Ionic contrast across a lipid membrane for Debye length extension: towards an ultimate bioelectronic transducer

Donggeun Lee, Woo Hyuk Jung, Suho Lee, Eui Sang Yu, Taikjin Lee, Jae Hun Kim, Hyun Seok Song, Kwan Hyi Lee, Seok Lee, Sang Kook Han, Myung Chul Choi, Dong June Ahn, Yong Sang Ryu, Chulki Kim

Research output: Contribution to journalArticlepeer-review

Abstract

Despite technological advances in biomolecule detections, evaluation of molecular interactions via potentiometric devices under ion-enriched solutions has remained a long-standing problem. To avoid severe performance degradation of bioelectronics by ionic screening effects, we cover probe surfaces of field effect transistors with a single film of the supported lipid bilayer, and realize respectable potentiometric signals from receptor–ligand bindings irrespective of ionic strength of bulky solutions by placing an ion-free water layer underneath the supported lipid bilayer. High-energy X-ray reflectometry together with the circuit analysis and molecular dynamics simulation discovered biochemical findings that effective electrical signals dominantly originated from the sub-nanoscale conformational change of lipids in the course of receptor–ligand bindings. Beyond thorough analysis on the underlying mechanism at the molecular level, the proposed supported lipid bilayer-field effect transistor platform ensures the world-record level of sensitivity in molecular detection with excellent reproducibility regardless of molecular charges and environmental ionic conditions.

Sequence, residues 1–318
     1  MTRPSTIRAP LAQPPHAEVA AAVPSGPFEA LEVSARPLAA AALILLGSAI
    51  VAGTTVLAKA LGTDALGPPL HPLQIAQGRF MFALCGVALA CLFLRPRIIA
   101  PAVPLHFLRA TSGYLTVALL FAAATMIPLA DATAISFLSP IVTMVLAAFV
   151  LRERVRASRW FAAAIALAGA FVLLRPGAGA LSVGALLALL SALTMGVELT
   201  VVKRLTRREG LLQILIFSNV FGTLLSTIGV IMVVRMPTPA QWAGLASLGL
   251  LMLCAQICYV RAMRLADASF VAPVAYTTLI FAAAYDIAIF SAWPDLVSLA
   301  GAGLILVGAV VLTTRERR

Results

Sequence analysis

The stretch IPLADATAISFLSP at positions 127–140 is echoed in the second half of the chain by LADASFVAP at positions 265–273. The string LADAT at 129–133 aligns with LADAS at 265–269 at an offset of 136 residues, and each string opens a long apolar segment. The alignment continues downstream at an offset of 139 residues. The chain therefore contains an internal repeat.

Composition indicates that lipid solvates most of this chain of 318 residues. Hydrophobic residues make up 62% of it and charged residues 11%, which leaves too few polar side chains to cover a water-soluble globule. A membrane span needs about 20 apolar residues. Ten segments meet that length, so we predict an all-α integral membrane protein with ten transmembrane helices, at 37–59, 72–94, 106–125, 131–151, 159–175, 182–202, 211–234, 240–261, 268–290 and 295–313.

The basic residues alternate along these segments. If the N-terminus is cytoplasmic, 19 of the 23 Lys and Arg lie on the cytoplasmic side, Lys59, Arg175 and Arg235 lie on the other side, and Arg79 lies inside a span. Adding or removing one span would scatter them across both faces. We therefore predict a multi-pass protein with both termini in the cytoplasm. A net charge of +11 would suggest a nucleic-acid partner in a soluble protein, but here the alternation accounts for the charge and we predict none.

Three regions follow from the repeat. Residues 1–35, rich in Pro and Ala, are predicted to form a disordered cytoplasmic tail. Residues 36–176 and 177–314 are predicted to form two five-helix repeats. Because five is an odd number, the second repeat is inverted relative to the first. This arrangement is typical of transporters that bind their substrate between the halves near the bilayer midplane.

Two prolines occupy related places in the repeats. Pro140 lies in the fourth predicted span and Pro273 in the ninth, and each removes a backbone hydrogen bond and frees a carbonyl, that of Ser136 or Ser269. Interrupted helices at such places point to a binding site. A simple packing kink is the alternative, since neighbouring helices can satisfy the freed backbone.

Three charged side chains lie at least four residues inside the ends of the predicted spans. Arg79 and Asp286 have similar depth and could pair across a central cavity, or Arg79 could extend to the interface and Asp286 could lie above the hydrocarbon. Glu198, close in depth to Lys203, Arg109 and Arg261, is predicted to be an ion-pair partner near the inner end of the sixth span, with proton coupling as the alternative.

Original languageEnglish
Article number3741
JournalNature communications
Volume12
Issue number1
DOIs
Publication statusPublished - 2021 Dec

Bibliographical note

Funding Information:
This work was supported by KIST Institutional Programs (Nos. 2E31253, 2E31251, and 2E31271) and the Joint research lab program of the National Agenda research division, KIST. The National Research Foundation of Korea (NRF) grant funded by the Korea government (MSIT) (Nos. 2020R1A2C2005486, 2018R1A2B3001690, 2021R1A2C2009236, and 2017M3D1A1039421).

Publisher Copyright:
© 2021, The Author(s).

All Science Journal Classification (ASJC) codes

  • Chemistry(all)
  • Biochemistry, Genetics and Molecular Biology(all)
  • Physics and Astronomy(all)

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